One of the things I admire most about The Black Tapes is its subtlety. This is going to seem like a backhanded compliment, but its brilliance really sneaks up on you. It’s like the Lt. Columbo of horror podcasts. When I started listening, admittedly not knowing much about it, I was struck by how clunky some of the acting was and almost gave up on it in the first episode. Alex was fine — stagey, but in a deliberate way that certainly read Eager Public Radio Journalist. The various witnesses and interviewees though sounded unrehearsed and, perhaps strangely, thus less authentic. Strand was the only really believable personality. Once prefatory matters are concluded, The Black Tapes promises nothing grander than a monster of the week type of show, which is great — I’m actually a big fan of monsters of the week. I find the pursuit of a huge, momentous arc, seemingly for its own sake, drags spiritual kin to The Black Tapes like Supernatural and Fringe into frustrating, muddled messes. And The Black Tapes, for all its seeming lack of polish, excels at one shot spookiness, unfolding tales of Slenderman-like shadow figures haunting little boys, sinister nannies, special Ouija boards designed specifically for contacting demons, and a bizarre folk festival in Washington that memorializes a gruesome local murder with the carnival image of a woman with an upside down face. But the episodic format and the underfunded public radio patina of the presentation masks the quiet, deliberate genius of an arc that unfurls almost invisibly in the background. There are a few story conveniences that beggar belief – how many copies of J.D. Salinger’s Nine Stories do you have lying around? – and the medium forces a tell, don’t show dynamic that isn’t always ideal, but I appreciate the way The Black Tapes delivers immediate scares while faithfully walking the ley lines of a much bigger story.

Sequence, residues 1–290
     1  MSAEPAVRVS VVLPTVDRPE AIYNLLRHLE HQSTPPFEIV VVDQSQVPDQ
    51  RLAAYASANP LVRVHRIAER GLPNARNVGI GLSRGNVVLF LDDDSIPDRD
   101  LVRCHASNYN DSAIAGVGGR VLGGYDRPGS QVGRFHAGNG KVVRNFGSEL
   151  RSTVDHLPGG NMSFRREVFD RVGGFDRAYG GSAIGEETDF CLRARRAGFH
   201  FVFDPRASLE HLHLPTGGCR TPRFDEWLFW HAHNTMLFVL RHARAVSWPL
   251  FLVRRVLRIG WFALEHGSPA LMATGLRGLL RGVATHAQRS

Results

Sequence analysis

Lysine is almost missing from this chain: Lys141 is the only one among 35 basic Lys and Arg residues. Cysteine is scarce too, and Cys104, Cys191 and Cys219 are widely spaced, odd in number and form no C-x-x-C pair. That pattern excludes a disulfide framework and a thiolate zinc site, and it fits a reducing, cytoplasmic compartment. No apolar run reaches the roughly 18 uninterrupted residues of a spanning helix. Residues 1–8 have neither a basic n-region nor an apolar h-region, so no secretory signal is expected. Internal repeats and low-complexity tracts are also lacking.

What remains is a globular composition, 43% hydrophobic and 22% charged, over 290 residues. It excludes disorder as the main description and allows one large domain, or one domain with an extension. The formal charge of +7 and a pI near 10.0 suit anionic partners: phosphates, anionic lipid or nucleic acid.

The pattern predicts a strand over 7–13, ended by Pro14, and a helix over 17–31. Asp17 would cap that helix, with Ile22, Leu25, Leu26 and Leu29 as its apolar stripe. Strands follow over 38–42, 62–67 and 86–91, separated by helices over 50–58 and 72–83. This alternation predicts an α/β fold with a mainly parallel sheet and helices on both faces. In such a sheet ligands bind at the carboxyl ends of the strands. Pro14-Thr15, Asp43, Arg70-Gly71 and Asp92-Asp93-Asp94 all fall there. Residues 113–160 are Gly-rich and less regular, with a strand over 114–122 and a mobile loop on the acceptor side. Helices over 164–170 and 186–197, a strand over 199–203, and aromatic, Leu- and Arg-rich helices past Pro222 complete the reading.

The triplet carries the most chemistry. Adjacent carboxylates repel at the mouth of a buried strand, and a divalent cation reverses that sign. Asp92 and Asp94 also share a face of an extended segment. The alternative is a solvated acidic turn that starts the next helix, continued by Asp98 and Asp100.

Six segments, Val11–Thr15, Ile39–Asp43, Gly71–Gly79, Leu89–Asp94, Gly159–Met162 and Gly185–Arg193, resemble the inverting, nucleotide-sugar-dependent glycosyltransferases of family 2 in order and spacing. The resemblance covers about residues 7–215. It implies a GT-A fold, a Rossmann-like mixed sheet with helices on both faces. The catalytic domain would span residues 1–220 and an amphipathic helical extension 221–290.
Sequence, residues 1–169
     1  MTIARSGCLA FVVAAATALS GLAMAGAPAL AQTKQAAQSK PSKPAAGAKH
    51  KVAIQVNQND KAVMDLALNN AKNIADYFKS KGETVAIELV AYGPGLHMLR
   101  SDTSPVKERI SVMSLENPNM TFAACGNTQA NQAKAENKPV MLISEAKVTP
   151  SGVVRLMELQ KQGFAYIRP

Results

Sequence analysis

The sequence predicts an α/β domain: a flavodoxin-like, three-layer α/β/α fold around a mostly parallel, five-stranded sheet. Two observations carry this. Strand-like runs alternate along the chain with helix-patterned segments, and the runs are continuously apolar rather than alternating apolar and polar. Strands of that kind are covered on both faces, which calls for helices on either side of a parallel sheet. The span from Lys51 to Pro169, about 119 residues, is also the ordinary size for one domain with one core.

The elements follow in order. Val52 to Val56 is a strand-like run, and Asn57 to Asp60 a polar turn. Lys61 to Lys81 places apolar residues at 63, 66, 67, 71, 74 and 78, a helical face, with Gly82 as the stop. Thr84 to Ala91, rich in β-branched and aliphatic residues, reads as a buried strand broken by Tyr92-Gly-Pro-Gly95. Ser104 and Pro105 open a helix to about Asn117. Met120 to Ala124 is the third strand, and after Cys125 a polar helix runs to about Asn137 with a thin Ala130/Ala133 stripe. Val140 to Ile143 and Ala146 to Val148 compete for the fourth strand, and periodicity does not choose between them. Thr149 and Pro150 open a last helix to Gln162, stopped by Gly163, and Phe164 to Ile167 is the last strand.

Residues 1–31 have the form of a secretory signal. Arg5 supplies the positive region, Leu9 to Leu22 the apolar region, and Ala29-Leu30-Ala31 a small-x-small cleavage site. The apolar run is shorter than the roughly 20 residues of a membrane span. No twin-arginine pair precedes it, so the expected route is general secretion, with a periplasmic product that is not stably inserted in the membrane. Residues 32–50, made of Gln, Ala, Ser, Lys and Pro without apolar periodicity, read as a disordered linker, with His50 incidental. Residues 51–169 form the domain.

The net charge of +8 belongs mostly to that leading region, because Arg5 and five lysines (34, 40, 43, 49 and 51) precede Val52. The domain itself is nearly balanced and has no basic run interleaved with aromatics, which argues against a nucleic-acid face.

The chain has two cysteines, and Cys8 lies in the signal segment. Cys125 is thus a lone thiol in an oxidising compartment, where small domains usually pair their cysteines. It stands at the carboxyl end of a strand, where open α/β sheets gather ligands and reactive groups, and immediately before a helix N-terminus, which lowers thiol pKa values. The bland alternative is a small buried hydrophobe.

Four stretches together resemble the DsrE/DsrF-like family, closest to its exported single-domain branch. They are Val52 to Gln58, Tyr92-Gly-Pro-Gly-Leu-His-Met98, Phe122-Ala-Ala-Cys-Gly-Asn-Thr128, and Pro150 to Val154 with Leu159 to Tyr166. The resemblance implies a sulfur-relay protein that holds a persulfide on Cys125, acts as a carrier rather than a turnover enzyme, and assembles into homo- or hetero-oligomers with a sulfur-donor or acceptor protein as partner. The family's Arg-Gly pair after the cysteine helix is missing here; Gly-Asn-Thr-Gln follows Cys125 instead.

Tanis, not to be confused with Tannis Braun, a parapsychologist and psychic who pops up a couple times in The Black Tapes and the makers swear is totally not connected to this show, guysparallels The Black Tapes but frustrates as simple an explanation. The podcast chronicles Nic Silver’s search for something nebulous referred to as Tanis, which could be a person, place, or thing, and pops up in esoterica, the Deep Web, and ancient myths. Here is a representative taste from the intro to Tanis from the first episode.

Nic: This interview was recorded for an episode of Pacific Northwest Stories from 1999, way back when we were on terrestrial radio, for a documentary exploring three mysterious places: the Bermuda Triangle, Easter Island, and Atlantis.

The producers decided against including Professor Adams’s interview in that show because they were unable to confirm the veracity of the content of that interview. Basically, they were unable to find any corroborating evidence to support his claims about Tanis.

​Carl: If you know where to look, Tanis has been there from the beginning. The Bronze Age, Ancient Greece, Rome, the Aztecs and the Mayans. There is mention of Tanis in the first compiled gospels that would eventually comprise what we now call the Bible. And it’s mentioned again in the Dead Sea Scrolls, although some of those sections have yet to be released for public study.

​Alex: So, Tanis is a city?

Carl: Sometimes, maybe. But, not that city.

Alex: I don’t understand.

Carl: It’s not an easy thing to understand. Tanis is something else. Deeper and more fluid. Some say Tanis is the location of the Garden of Eden. Others describe Tanis as God him or herself. It’s been called Gaia, or if you believe Robert de Boron and Joseph d’Arimanthie, Tanis is actually the holy grail. Sometimes Tanis is a place, sometimes it’s a concept. Sometimes it’s even a person. The ancient Egyptian city was named to honor Tanis the mythic legend, not the other way around.